Before movies had sound, they had captions. Whatever dialogue silent movie stars like Rudolf Valentino, Lillian Gish, and Charlie Chaplin might have uttered, the words had to be flashed across the screen. Who cares today? You would if you had a hearing impairment, statistically 10-percent of the population, approximately one million Georgians, including me. I became deaf two years ago, 100 percent in both ears, medically quantified as “profound hearing loss,” a snort of a euphemism if ever there was one. I did not lose my lifelong love of movies. Thankfully, modern technology has made captioning available as the standard for television broadcasting, and virtually all new DVD’s for rent at Blockbusters and Hollywood Video stores are captioned. Lagging far behind are the shopping mall movie houses. Some of the large chains offer just enough captioned presentations to hold off lawsuits under the Americans with Disabilities Act. Nonetheless, when I have an urge to sit in a dark theatre and munch popcorn, I can not just head over to the nearest megaplex and take my pick of the current attractions showing morning, noon, and night. Only a very few will have been captioned, and of the available captioned movies, the next scheduled showing may well be a week from Tuesday at 3:45.
There are different types of captions. Closed Captions are printed on a dark strip across the screen, as is common on television. Open Captions are just writing superimposed over whatever is being depicted on the screen. Reading Open Captions ranges in difficulty from not always easy to completely lost, depending on background contrast. A third caption system is a sort of hologram projected simultaneously with the film. This Rear Window Captioning requires a special tower-like device provided by the theatre, placed in the cup-holder of your seat armrest, and adjustable to viewing height. You watch the movie and the reflected, rear-projection captions simultaneously, like driving down the road without taking your eyes off the rear view mirror.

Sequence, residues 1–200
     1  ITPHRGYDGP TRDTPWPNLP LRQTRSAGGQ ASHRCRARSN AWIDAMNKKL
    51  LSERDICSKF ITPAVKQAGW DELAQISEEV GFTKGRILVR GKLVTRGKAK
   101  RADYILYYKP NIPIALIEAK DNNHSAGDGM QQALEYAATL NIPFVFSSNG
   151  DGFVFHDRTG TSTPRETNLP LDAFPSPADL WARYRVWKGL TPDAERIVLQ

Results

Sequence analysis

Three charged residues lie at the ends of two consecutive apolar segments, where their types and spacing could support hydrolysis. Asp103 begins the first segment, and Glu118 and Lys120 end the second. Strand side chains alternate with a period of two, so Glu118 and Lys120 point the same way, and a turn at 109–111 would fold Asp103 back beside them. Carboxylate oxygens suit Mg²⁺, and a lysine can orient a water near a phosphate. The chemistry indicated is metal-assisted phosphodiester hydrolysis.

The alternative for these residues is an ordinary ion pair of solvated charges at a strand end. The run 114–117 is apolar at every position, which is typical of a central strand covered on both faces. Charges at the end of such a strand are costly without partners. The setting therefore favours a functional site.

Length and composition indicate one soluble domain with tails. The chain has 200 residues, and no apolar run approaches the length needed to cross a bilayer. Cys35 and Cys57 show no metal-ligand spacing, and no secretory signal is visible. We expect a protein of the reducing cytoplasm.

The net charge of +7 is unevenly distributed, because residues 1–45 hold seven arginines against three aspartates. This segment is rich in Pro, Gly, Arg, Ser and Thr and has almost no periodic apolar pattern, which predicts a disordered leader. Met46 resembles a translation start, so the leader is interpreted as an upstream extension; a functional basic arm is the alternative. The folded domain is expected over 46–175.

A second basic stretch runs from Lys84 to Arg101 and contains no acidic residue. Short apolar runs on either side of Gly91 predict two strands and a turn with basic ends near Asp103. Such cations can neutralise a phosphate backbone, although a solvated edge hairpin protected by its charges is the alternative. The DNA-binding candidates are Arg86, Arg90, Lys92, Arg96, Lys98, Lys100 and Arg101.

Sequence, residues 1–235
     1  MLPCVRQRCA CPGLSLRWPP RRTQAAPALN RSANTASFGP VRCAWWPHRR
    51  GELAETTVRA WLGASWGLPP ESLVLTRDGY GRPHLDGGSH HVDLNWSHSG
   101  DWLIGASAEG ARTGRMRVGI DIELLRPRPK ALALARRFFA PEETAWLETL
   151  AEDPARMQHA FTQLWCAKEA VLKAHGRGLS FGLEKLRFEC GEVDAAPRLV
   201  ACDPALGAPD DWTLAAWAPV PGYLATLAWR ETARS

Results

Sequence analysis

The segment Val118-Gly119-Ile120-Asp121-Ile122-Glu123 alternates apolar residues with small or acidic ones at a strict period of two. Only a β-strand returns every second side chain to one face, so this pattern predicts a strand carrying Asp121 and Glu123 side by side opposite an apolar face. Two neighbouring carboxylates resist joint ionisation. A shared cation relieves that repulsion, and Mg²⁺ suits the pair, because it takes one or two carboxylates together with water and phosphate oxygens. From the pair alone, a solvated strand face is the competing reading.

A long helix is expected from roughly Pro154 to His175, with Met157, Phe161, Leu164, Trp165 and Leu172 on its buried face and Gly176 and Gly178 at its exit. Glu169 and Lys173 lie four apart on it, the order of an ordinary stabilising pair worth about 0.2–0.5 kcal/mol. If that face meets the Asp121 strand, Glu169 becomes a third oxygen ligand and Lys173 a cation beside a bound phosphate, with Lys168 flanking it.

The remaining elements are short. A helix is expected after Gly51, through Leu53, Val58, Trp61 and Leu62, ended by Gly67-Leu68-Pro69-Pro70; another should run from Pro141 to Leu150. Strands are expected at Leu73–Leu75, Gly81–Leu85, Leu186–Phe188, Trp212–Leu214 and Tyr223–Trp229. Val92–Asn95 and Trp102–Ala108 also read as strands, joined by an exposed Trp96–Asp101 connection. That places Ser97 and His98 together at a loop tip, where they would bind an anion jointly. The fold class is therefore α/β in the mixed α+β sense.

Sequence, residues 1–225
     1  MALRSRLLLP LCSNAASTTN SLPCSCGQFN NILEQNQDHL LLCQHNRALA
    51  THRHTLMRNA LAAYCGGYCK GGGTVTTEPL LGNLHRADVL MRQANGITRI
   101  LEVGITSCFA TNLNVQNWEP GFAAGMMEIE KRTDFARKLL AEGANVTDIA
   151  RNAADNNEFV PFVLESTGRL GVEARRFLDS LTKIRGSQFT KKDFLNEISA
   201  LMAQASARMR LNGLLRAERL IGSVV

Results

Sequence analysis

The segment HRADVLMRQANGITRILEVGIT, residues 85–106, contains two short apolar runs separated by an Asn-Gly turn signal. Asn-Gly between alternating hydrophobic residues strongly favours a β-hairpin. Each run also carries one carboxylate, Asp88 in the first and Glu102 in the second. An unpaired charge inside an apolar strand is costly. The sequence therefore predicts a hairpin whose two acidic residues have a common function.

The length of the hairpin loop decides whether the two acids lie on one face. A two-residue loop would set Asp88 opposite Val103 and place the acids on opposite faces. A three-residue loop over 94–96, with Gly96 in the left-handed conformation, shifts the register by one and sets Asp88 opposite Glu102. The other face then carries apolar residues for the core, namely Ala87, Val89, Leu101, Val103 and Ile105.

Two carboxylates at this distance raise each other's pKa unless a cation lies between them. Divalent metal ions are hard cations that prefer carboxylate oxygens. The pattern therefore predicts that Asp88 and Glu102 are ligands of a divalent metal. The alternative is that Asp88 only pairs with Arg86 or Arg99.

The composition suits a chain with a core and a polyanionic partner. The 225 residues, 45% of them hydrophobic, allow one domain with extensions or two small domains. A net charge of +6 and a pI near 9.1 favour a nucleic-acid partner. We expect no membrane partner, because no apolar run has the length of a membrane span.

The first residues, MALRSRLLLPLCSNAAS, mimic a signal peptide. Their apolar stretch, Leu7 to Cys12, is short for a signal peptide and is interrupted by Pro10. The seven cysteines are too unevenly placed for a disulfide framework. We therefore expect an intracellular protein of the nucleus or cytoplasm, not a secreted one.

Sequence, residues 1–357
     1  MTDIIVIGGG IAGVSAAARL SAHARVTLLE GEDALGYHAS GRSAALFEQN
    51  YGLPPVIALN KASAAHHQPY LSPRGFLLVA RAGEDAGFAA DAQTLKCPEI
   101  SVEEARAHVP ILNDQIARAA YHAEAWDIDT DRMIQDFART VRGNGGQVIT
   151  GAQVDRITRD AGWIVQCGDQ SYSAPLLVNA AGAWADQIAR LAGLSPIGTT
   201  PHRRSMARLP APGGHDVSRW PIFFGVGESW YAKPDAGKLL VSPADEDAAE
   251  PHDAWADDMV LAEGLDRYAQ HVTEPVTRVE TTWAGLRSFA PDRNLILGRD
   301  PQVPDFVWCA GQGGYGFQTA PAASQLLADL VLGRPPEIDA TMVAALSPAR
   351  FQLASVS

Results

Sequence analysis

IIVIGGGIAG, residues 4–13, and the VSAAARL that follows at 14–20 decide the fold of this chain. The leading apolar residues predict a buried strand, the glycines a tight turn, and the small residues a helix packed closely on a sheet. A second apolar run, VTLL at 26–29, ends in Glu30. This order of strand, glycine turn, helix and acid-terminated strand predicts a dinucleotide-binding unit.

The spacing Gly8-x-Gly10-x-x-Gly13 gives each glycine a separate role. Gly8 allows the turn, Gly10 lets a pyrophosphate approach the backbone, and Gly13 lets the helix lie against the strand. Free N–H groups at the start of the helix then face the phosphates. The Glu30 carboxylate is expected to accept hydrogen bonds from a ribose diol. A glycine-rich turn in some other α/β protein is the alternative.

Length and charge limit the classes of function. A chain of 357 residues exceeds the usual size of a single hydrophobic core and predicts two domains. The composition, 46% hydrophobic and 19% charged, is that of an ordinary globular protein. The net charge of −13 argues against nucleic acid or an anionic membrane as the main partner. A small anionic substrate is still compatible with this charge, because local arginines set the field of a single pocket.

I have attended captioned movies in Atlanta at Atlantic Station, North DeKalb Mall, I-85 Access Rd, and on Cobb Parkway near Cumberland Mall. Here are some links to captioned movie listings with showtimes and locations of various chains:
Of course, all over America, foreign language films are always shown with captions, called English sub-titles. If they are shown at all. If foreign films are your cup of tea. I am lucky. I have liked foreign films for a long time. My childhood buddy Luther was a year ahead of me in school and more than a year older. When he turned 16, he got a job as an usher at the Art Theatre in Atlanta, on the corner of Peachtree and Thirteenth, a block from where I lived. Luther would sneek me in through the FIRE door to see movies starring Brigitte Bardot and Sophia Loren, whose natural talents were as hot as it got on the cusp of the 1950's becoming the 1960's without any special advance warning. Luther and I had always enjoyed what you might call minimal adult supervision, from our trail-blazing single mothers or anybody else's Aunt Polly. One thing leads to another. Eventually, we’re watching films by Frederico Fellini and Ingmar Bergman.
Lefont Sandy Springs, on Roswell Rd., and Midtown Art Cinema, on Monroe Drive, across the street from Grady Stadium, regularly feature foreign language films with English sub-titles.
E-Peachy News contains a variety of useful information of interest for the Deaf, Hard of Hearing & Hearing Impaired. Their feature Fomdi provides a great look-up by your zip code to find captioned movies.
Insight Cinema, once a source for captioned movie listings nationwide, has closed down as of the end of April, because it ran out of money. I am trying to figure out how to use my blog for a convenient place to find captioned movies. This is a first attempt.
Copyright 2008 by William C. Cotter